Uh, I'll push back again on that, like, "always." I do can be. think that deconstruction has gotten trendy. I think it's, in some ways, become a fad, like Blue Like Jazz, and, you know, like, other things were back in the day that I resisted. I think, I think it is the cool thing to do, is to say I'm deconstructing. And I don't know if, I don't want to judge anyone's motives, but it just feels trendy. And I think that's why I want to talk about it is because I'm a little bit skeptical of just accepting it part and parcel with this is what it means to have a mature faith is you got to deconstruct. I want to push back on that a little bit. And I want to reframe, if possible, what it might look like to question things and to be a lifelong learner, rather than have a moment, a season of deconstruction. Does that make sense?

Kyle:

Yeah. I do think there are definitely people who... I don't think deconstruction is a necessary step in anybody's faith maturation, I'll say that. Like, I can imagine if my own church trajectory had gone differently, maybe if I had just stayed in the one that I was kind of born into, I might never have needed to deconstruct. I think that's very possible, and I'm sure there's lots of people out there like that. I just don't know any of them because I was a fundamentalist evangelical for a long time. And so all the people I know that go into deconstruction do so because they have to. And many times they're, they're like, deeply grieved by it.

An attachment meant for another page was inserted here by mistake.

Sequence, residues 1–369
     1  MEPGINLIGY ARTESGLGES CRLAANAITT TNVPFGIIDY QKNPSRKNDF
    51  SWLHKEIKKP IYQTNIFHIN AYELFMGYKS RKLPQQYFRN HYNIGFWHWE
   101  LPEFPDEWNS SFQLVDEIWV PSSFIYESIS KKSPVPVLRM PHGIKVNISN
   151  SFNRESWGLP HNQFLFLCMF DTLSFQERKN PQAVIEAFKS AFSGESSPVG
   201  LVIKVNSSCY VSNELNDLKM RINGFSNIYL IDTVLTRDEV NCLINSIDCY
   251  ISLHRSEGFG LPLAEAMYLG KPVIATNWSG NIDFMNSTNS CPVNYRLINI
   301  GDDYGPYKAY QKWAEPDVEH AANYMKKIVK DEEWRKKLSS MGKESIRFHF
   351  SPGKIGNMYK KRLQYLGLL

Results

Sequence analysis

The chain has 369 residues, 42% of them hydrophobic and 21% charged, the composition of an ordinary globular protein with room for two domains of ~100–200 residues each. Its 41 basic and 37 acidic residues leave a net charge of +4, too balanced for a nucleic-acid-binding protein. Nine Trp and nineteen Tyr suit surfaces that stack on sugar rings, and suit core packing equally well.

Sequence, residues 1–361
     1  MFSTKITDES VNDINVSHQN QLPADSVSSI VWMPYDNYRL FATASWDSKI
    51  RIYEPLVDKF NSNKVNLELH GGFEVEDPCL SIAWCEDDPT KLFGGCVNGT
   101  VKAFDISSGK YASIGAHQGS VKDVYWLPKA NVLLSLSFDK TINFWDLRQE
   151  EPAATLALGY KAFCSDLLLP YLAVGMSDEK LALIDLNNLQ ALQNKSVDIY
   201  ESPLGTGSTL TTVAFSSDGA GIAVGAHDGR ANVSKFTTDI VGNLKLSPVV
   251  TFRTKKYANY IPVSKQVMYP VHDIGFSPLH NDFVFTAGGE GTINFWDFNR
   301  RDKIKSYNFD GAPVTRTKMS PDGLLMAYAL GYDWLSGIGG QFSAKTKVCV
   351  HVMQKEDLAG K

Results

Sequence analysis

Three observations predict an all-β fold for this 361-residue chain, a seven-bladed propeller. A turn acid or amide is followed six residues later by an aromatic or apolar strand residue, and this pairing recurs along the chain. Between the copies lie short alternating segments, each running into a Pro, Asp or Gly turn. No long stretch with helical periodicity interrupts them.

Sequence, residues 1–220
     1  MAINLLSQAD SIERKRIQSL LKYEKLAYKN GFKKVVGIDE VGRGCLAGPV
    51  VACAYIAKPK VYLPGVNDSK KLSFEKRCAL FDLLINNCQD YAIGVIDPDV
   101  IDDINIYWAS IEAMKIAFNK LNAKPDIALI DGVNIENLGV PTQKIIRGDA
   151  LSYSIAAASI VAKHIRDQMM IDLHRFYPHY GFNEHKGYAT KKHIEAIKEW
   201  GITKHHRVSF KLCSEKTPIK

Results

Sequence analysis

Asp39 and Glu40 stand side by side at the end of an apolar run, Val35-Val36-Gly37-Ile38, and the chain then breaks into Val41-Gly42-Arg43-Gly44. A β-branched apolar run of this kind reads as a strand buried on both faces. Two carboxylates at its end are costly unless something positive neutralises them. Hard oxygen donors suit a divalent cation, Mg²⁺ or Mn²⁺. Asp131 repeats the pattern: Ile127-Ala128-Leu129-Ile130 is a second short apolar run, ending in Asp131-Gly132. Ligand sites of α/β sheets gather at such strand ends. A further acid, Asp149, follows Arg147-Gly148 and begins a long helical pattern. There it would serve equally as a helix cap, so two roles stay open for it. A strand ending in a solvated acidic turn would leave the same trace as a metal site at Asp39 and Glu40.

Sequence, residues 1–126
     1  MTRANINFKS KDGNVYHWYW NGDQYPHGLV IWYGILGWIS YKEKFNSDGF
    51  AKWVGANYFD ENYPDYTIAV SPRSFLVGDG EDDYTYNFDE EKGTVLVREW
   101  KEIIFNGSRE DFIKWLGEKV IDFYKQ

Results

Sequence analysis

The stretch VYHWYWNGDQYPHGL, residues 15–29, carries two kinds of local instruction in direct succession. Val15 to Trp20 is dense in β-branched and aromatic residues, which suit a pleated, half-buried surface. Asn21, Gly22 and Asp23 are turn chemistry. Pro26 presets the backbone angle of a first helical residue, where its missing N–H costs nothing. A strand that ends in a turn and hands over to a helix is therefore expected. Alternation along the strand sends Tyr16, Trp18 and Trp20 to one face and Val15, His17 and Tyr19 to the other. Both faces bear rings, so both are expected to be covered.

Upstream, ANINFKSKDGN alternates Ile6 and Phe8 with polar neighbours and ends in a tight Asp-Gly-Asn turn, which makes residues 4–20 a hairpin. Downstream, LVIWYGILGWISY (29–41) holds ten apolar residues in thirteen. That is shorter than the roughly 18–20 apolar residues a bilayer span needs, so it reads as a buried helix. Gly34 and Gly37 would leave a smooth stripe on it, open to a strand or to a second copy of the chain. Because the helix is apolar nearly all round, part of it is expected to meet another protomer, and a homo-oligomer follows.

Randy:

Yeah. I, my experience when people talk about deconstruction, I don't think I've had a phase of deconstruction, but I would say my faith is much, much different than it was 5, 10, 15 years ago. That's unquestioned.

Kyle:

Yeah.

Randy:

But I don't think it's because of a phase of deconstruction. I think it's because, it's because I want to be a learner, I want to understand, the more we understand about science, I feel the more I understand, can understand about who God is, and what God's like. New understandings of reality, whether it be philosophically, scientifically, psychologically, all of the things--I think, I want to have a faith journey that can adapt to those new discoveries and new realities that we live in, and hold it up to light. And so I expect myself to be on a lifelong journey of learning and of faith evolution for the rest of my life. And I think that's what I want to talk about in this episode, is I want to talk about trading the idea of deconstruction, perhaps for some of us, for, for a new reality where we just expect to change in our faith journey, we expect our spirituality to evolve and to grow. We expect to believe different things along the way, and not, we're not surprised by it, it's not like we're totally throwing everything away. But having an expectation of growth just makes sense when we're talking about the possibility of the God of all creation, of the ground of all being, that sounds very unknowable to me. And I think growing in that idea, and being flexible, being humble, being learners, is only just going to benefit us, rather than seeing it as this one little season that we take things apart, we question everything, and then we put it back together, and we're all good to go for the rest of our lives.